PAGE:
With the arrival of a brand new Radeon Software Adrenalin Edition update, AMD is bringing PC-to-PC streaming to AMD Link. That means you can loan your PC to a buddy, play local co-op games together, or even ask for help troubleshooting your PC (as if) through the power of the internet—if you a Radeon graphics card, of course, and so does your buddy.
If you don’t remember AMD Link, it’s a streaming app baked into the Radeon Software and available with any AMD graphics card. It was first introduced back in 2018 as a way of wireless beaming your PC games over to your mobile device, and has since received a few quality of life improvements with subsequent AMD Adrenalin overhauls.
With today’s update, 21.4.1, the major news for PC gamers is the introduction of PC-to-PC streaming, which offers local or remote sharing of a desktop or game session between two Radeon PCs.
Note: Radeon PCs. You and the person you’ll be streaming to, or vice versa, will both require Radeon GPUs to be running in your rigs. And that’s not as simple an entry requirement as it once was given the chip shortage right now.
There’s no standalone AMD Link PC client like there is on Google, iOS, or Amazon, which means there’s no way to get the app without the Radeon drivers installed, even if you’re not hosting the session. It’s not entirely clear why there’s a fence around AMD Link on PC, but the end result is a feature with limited utility for the majority of PC gamers.
The feature lets you share a view of your entire PC, pass over the controls to a buddy in single-player games, or even play local co-op games remotely. AMD also says it’s a handy tool to allow someone to troubleshoot your PC as if they were in the room. Just make sure you trust the person on the other side of the connection with your life, yeah?
If you and a friend fit the hardware bill, you can hop into the Radeon settings and enable an AMD Link server. From there you’re able to either offer up a game code for a one-time connection to your friend’s PC, or manually set up a more permanent link. It’s also possible to quickly find compatible PCs running AMD Link on your local network.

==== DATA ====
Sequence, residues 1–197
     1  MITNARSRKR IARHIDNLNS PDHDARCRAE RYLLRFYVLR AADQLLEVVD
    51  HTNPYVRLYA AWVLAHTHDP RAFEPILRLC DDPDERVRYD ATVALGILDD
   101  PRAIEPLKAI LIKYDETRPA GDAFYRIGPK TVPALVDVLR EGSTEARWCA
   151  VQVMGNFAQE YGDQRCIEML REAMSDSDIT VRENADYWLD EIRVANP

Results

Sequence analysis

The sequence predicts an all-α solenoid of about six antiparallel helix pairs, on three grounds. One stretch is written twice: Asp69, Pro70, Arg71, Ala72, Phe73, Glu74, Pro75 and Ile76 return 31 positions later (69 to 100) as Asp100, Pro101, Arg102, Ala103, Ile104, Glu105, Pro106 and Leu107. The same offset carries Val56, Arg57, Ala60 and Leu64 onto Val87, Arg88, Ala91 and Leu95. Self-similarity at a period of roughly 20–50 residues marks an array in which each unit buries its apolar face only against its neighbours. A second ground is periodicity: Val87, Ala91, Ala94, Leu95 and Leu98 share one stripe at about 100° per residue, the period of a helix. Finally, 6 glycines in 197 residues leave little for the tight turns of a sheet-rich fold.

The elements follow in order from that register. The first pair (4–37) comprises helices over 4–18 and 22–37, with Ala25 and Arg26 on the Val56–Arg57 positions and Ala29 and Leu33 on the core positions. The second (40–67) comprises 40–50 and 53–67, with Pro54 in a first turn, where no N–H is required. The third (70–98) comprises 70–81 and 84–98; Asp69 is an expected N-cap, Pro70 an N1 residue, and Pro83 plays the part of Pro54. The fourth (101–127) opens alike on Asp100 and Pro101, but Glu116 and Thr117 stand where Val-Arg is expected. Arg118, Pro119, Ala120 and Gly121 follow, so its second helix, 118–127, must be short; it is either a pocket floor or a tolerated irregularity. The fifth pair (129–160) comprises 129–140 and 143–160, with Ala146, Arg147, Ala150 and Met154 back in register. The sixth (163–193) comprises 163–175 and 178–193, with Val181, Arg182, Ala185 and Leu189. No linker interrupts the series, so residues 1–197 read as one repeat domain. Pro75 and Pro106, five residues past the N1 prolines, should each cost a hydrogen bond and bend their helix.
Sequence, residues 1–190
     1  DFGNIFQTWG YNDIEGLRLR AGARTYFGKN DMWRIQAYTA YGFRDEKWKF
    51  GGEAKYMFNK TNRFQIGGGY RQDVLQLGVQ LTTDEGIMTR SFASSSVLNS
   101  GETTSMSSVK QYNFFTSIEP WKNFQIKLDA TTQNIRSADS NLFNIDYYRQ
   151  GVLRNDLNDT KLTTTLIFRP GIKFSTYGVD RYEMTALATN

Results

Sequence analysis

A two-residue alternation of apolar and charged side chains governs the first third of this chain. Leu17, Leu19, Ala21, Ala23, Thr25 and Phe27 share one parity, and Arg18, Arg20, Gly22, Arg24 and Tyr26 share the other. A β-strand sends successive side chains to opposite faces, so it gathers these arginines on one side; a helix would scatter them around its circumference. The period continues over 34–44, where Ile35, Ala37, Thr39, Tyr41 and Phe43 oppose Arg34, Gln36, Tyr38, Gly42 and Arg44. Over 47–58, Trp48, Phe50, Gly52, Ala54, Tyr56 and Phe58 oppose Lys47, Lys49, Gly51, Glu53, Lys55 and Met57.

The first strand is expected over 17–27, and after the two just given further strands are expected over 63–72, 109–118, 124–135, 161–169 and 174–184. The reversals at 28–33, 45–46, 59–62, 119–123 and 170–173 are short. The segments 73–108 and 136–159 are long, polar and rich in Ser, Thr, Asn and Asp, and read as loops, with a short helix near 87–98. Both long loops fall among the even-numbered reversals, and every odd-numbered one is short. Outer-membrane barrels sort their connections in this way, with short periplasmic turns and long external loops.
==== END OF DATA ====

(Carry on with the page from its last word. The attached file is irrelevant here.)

With your connection up and running, everything from your desktop to game session will be shared to the remote PC.
Admittedly, it’s not the smoothest of interfaces. There are multiple menus for whether you’re receiving a connection or sending one, the mobile and Windows menus are different, and AMD Link is stored within a tab in the settings menu.
I also had trouble setting up a remote game session. Link would get as far as grabbing the name of the remote PC but couldn’t quite finish the connection from there, eventually turning up an ‘unable to connect’ error. This happened across my PC and two of my colleagues PCs, despite running the in-app Windows Firewall configurator.
It’s a shame we weren’t able to give the remote gaming mode a go, especially as our benevolent leader Dave James has been demanding a way to play lag-free co-op FIFA remotely since the global lockdown first started. It’d be great to see how it fares versus Nvidia’s GeForce Now, a PC-to-PC service such as Parsec, or even Steam’s own Remote Play Together. All of which are free alternatives and don’t require proprietary hardware.
A local connection worked swimmingly, however. In that there’s certainly some potential in jamming a cheap APU in a compact machine, sticking it by your TV, and beaming your powerful Radeon GPU-powered PC over for some high-end gaming in your living room. All without doubling down on a graphics card—those things aren’t all that easy to find nowadays.
A bit of a mixed bag in our experience, then, but a more fully-featured software package for Radeon GPU owners certainly doesn’t go amiss. And if you don’t fancy any of that, AMD’s now offering minimal and driver-only install options for its Radeon Software that offers just the basics and nothing else.
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